Uthaya, a true hero of the people
I refer to the Malaysiakini report 'They threw me out of Kamunting' .
In human history, there have been many times when people facing injustice and oppression have used non-violent resistance to achieve social and political change.
Because of the highest moral standards needed to achieve true change, the leaders of these movements have had to shoulder an enormous responsibility.
Whilst all the time keeping a clear eye on their goal and inspiring and motivating people, they need to ensure that their movement never deviated from the principles of their struggle.
If they sacrifice their principles and accepted that the ends justifies the means, their movements' moral standing would have been lost and would soon disintegrate.
In shouldering these responsibilities, time and time again these leaders have had to make great personal sacrifices. Let's look at three notable examples.
1. Mahatma Gandhi was imprisoned in 1908 by the racist government in South Africa for resisting the unjust Asiatic Act law.
In the words of Nelson Mandela, ‘Gandhi's most painful experience must have been when he was told that his wife, Kasturbai, was critically ill. He was given the option to pay his fine and rush to her bedside. His commitment to satyagraha would not allow him to do so.'
2. Martin Luther King, Jr took part in protests against segregation in the town of Albany, Georgia in 1961, and was sentenced to imprisonment. The authorities offered to release him (and his colleague) if they paid a fine of US$178.
Sticking to principle, they refused. Finally the police chief himself paid their fine and released them to avoid embarrassment.
3. Nelson Mandela was undergoing life imprisonment at Robben Island, a maximum security prison, when the apartheid government offered to release him in exchange for accepting the ‘bantustan' policy by recognising the independence of the Transkei and agreeing to settle there.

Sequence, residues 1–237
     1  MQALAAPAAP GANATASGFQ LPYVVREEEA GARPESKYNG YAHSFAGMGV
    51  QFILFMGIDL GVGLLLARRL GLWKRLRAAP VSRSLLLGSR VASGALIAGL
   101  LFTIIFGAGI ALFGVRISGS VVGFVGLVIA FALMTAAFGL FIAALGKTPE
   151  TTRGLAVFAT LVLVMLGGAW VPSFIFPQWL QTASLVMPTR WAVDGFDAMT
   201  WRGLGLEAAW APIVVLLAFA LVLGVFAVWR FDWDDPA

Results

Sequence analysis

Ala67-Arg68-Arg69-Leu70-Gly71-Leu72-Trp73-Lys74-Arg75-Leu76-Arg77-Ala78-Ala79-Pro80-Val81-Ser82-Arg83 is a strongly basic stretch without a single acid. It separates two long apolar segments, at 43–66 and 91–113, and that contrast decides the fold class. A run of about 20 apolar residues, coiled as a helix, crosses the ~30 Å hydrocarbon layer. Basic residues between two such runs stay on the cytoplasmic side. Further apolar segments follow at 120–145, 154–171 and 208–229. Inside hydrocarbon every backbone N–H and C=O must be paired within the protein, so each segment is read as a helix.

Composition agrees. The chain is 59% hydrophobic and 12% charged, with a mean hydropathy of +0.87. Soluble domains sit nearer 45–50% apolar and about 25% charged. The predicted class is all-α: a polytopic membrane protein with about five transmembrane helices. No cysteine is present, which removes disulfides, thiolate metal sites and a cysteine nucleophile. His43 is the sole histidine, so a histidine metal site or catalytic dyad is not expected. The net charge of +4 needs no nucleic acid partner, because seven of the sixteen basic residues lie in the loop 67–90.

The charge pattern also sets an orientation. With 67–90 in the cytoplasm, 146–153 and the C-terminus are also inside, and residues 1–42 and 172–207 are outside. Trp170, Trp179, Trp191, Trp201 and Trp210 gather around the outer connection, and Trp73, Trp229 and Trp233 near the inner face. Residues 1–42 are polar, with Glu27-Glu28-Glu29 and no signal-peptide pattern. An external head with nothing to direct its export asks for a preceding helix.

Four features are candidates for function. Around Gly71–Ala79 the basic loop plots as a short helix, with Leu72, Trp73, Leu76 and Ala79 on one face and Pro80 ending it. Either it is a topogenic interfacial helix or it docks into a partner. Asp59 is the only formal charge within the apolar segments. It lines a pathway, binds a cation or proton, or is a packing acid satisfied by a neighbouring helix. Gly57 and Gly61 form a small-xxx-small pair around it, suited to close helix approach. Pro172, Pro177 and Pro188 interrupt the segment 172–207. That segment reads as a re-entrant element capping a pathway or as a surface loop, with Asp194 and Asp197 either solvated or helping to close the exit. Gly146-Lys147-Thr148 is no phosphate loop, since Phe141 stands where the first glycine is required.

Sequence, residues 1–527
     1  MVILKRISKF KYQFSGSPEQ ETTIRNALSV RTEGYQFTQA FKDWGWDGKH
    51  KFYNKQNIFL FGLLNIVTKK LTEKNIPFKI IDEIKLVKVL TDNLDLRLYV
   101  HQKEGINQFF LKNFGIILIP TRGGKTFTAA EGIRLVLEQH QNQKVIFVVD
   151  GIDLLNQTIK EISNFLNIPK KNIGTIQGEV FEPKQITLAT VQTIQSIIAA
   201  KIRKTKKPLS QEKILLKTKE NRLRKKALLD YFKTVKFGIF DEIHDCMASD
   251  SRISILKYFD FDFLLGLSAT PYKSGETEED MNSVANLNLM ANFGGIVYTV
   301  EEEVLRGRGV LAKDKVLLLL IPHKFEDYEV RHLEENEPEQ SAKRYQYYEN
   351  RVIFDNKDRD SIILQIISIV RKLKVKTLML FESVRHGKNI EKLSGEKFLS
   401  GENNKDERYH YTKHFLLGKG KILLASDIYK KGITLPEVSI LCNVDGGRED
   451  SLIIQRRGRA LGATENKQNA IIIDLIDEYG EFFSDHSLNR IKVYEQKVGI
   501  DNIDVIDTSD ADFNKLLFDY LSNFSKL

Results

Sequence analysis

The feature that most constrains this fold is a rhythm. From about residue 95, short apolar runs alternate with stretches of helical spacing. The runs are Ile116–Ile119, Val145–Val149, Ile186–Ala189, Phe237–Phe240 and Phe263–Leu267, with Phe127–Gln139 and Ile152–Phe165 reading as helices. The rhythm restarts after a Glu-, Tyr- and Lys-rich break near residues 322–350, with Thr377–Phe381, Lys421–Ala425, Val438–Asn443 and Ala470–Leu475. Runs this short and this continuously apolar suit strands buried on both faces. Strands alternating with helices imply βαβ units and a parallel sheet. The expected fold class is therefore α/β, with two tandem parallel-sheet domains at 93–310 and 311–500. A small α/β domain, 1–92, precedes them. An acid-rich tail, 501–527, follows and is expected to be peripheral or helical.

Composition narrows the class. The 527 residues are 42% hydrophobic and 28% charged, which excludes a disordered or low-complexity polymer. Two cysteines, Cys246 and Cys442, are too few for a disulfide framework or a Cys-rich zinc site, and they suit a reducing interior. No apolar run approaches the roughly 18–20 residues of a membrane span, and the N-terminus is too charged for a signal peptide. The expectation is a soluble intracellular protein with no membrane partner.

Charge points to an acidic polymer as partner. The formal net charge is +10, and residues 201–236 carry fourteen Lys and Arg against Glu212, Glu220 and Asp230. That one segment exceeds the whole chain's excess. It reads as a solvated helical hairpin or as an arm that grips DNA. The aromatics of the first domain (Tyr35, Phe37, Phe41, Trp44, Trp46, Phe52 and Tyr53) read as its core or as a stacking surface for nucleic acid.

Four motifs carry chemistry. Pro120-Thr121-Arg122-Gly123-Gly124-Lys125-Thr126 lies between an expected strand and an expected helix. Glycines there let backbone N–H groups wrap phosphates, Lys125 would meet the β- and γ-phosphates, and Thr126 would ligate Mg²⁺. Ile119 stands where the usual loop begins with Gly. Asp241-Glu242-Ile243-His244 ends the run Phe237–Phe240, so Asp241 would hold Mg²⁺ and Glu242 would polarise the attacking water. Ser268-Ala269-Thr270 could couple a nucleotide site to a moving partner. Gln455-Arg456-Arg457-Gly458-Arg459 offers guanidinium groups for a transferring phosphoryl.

He chose to never compromise his principles. He remained in prison until he was released unconditionally on Feb 11, 1990 after being imprisoned for a total of 27 years.
To this fellowship (which includes many others, some of whom we may not know about), we can now add a Malaysian, P Uthayakumar, who refused to accept any conditions for his release from
detention under the ISA.
In his own words, ‘If they force me (to sign the conditional release papers, which among other things would have barred him from speaking at public functions), I will not do it as I prefer going back to Kamunting prison,' (the words in brackets being mine).
Leaders like them inspire us. They and their loved ones have suffered pain, physical and emotional, for us.
Let us stand, not behind them but shoulder to shoulder with them, and work together for justice for all Malaysians. Let us never forget what these brave people have shown, that truth and justice will always triumph over lies and oppression.
Let us not forget either, that all that is needed for the triumph of evil is that good people do nothing. Finally, let us never forget these words of Uthayakumar: ‘Never give in to them.'
May all victims of the ISA get the justice that they deserve.